In a video statement, former President Barack Obama congratulated the work of New York Times journalist and 1619 Project creator Nikole Hannah-Jones for helping to promote “historically informed journalism” with the opening of her new center.
On Tuesday, Howard University officially opened the Center for Journalism & Democracy, founded by Hannah-Jones who also serves as the “inaugural Knight Chair in Race and Journalism” at the school. To celebrate its launch, the center hosted a Democracy Summit.
Obama recorded a video that was played at the summit and promoted on the center’s official Twitter account. In the video, he praised Hannah-Jones’ center as well as her efforts in journalism.
“I want to thank Nikole and everyone who has worked so hard to make it a reality. The center will help students to learn investigative reporting skills and give them more opportunities to put those skills into practice. But what really sets the center apart, and this is not surprising given Nikole’s background, is a focus on historically informed journalism in service of democracy and equity,” he began.
“As a society, we need journalists who will report not just what’s happening but why it’s happening and who’s being affected. Journalists who can connect the dots and tell a more complete version of our American story. That’s what the Center for Journalism & Democracy will train young journalists to do,” Obama continued.
The former president also emphasized the need for the center and journalism to preserve our democracy as we know it.
“Our democracy has never been a given. We, as citizens, have to nurture and tend it. As part of that work, we must recognize the vital role a free press plays in our democracy. Journalists give all of us as citizens the chance to know the truth about our countries, ourselves, our governments. It makes us better. It makes us stronger. It gives voice to the voiceless, exposes injustice and hold leaders accountable. That’s why the mission of the Center for Journalism & Democracy at Howard is so important,” Obama said.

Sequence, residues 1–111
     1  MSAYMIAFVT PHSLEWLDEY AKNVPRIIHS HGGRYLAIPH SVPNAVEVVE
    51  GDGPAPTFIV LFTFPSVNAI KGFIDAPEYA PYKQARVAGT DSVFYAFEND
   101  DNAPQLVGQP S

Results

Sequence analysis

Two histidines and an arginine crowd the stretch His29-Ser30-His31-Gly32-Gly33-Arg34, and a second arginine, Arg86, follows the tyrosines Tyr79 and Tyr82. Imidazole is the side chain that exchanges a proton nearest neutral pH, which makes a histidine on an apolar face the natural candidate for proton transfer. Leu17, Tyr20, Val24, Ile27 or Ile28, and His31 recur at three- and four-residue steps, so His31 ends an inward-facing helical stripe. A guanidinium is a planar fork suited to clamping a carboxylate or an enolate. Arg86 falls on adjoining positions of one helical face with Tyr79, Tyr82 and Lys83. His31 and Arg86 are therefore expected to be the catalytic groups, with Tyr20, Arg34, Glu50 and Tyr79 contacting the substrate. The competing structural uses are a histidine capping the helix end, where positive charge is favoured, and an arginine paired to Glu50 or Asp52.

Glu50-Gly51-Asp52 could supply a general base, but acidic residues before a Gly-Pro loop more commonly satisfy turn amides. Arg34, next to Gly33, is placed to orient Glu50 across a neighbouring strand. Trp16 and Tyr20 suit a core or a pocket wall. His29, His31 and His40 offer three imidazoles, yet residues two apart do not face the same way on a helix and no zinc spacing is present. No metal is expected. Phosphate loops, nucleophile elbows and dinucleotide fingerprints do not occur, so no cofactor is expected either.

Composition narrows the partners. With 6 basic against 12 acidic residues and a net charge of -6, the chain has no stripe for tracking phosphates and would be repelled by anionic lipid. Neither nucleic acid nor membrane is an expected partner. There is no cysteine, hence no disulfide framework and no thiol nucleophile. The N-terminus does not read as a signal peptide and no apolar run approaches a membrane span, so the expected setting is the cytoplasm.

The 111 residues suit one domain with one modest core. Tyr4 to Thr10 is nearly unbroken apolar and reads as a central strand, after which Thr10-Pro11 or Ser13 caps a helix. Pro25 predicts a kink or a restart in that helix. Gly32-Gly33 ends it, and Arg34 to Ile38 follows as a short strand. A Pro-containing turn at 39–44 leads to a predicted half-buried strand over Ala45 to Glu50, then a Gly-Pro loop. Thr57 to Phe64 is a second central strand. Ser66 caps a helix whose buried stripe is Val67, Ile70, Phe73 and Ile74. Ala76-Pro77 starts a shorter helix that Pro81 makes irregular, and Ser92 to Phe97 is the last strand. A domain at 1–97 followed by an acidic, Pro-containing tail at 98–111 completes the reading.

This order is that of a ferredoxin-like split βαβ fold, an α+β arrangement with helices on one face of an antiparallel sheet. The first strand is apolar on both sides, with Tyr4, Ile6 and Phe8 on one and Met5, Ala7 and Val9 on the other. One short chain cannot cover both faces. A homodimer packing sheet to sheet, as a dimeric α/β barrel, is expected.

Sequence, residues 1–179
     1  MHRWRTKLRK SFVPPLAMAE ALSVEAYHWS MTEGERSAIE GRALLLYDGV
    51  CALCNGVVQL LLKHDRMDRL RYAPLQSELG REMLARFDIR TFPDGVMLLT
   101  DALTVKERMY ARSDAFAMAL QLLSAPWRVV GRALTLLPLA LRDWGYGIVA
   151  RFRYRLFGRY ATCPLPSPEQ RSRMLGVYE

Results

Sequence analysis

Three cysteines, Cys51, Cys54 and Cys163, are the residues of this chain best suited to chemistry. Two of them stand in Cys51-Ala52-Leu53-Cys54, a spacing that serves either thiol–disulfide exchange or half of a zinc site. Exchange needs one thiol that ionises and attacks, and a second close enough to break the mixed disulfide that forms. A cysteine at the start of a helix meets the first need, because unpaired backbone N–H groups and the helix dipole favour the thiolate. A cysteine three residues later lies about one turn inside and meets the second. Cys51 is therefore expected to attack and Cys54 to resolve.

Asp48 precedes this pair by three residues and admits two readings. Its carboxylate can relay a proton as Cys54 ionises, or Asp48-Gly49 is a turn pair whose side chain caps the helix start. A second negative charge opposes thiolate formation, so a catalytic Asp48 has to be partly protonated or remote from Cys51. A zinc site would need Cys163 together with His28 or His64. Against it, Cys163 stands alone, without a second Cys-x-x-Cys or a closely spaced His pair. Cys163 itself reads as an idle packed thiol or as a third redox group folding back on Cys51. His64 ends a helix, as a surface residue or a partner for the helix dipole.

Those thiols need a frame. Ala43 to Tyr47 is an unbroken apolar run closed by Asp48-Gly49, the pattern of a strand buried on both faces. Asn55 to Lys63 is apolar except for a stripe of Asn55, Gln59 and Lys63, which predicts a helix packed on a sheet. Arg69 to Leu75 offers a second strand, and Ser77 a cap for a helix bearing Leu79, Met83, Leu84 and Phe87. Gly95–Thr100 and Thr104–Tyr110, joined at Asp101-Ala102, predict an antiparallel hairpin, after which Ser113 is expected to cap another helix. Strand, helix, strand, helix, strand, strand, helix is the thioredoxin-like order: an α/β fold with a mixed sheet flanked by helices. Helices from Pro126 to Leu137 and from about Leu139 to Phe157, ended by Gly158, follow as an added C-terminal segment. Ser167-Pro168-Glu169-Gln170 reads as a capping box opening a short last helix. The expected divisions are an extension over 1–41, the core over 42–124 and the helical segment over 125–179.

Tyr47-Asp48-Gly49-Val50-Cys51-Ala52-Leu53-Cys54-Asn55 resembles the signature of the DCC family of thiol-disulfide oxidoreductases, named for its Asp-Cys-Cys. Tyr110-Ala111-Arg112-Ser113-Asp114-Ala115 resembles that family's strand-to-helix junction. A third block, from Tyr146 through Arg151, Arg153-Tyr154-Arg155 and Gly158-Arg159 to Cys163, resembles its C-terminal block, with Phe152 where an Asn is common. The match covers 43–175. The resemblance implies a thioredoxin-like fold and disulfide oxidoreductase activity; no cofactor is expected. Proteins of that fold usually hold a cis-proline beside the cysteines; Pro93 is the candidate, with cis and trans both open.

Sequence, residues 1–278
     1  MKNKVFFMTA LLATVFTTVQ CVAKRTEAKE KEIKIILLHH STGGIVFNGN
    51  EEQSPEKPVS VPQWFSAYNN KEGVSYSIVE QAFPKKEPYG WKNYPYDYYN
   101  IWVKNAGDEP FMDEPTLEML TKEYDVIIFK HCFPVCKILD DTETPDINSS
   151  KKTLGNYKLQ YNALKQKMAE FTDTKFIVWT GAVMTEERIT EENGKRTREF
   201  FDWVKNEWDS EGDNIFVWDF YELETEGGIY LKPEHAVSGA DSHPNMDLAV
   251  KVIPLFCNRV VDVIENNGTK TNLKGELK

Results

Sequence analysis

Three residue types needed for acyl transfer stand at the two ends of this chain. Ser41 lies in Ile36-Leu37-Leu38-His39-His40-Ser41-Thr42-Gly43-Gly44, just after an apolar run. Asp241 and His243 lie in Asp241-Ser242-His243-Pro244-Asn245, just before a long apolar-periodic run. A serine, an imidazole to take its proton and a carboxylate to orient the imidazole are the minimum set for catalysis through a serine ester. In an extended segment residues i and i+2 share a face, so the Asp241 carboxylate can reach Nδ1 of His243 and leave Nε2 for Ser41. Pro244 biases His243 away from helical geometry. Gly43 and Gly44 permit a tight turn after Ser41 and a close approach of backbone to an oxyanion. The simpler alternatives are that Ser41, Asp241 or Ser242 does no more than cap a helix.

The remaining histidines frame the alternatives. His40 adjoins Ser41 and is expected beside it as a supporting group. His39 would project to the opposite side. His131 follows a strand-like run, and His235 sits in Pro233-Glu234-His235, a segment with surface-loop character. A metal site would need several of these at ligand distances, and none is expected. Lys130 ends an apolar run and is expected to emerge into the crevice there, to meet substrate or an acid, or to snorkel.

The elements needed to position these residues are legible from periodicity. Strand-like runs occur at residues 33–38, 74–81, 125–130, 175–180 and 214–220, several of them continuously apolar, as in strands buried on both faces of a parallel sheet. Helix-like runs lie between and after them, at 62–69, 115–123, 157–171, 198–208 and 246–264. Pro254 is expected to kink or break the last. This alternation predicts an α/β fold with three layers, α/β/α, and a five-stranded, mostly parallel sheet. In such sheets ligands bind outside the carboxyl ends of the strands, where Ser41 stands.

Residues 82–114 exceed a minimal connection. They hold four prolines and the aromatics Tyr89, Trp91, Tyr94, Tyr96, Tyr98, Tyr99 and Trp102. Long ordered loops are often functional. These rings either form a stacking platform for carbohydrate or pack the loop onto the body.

He closed, “So congratulations again to Nikole and everyone who has helped us get to this moment. I cannot wait to see the work you do. And I know our democracy will be better for it.”
The Center for Journalism & Democracy’s first Democracy Summit included controversial figures such as MSNBC columnist Anthea Butler, author Ta-Nehisi Coates and former NAACP lawyer Sherrilyn Ifill.
Several topics from the summit focused on how race and “White nationalism” is at the heart of the fight for democracy.
“What we have is a national crisis in our election system, but it has been a long-standing crisis that has effected our Black people,” Ifill said.
Coates also commented, “When we talk about a Center for Journalism & Democracy I don’t know where else you would want to be besides of an HBCU [historically Black colleges and universities]. Because the tradition of Black journalism is truth telling.”
Journalist Wesley Lowery was quoted saying, “We’ve never had a pro-democracy press in the U.S.”
Hannah-Jones infamously produced The 1619 Project, which purports “to reframe the country’s history by placing the consequences of slavery and the contributions of Black Americans at the very center of the United States’ national narrative.” However, the work has been heavily criticized by historians for several inaccuracies, such as suggesting that the Revolutionary War was fought in part to preserve slavery. Despite this, Hannah-Jones and her project have been praised by several mainstream media outlets and promoted in school curriculum.
Hannah-Jones has also been ridiculed on Twitter for several outrageous statements of her own, including claims that tipping in restaurants is a “legacy of slavery” and that the atomic bomb was dropped on Hiroshima not to end the war but “because they’d spent all this money developing it.”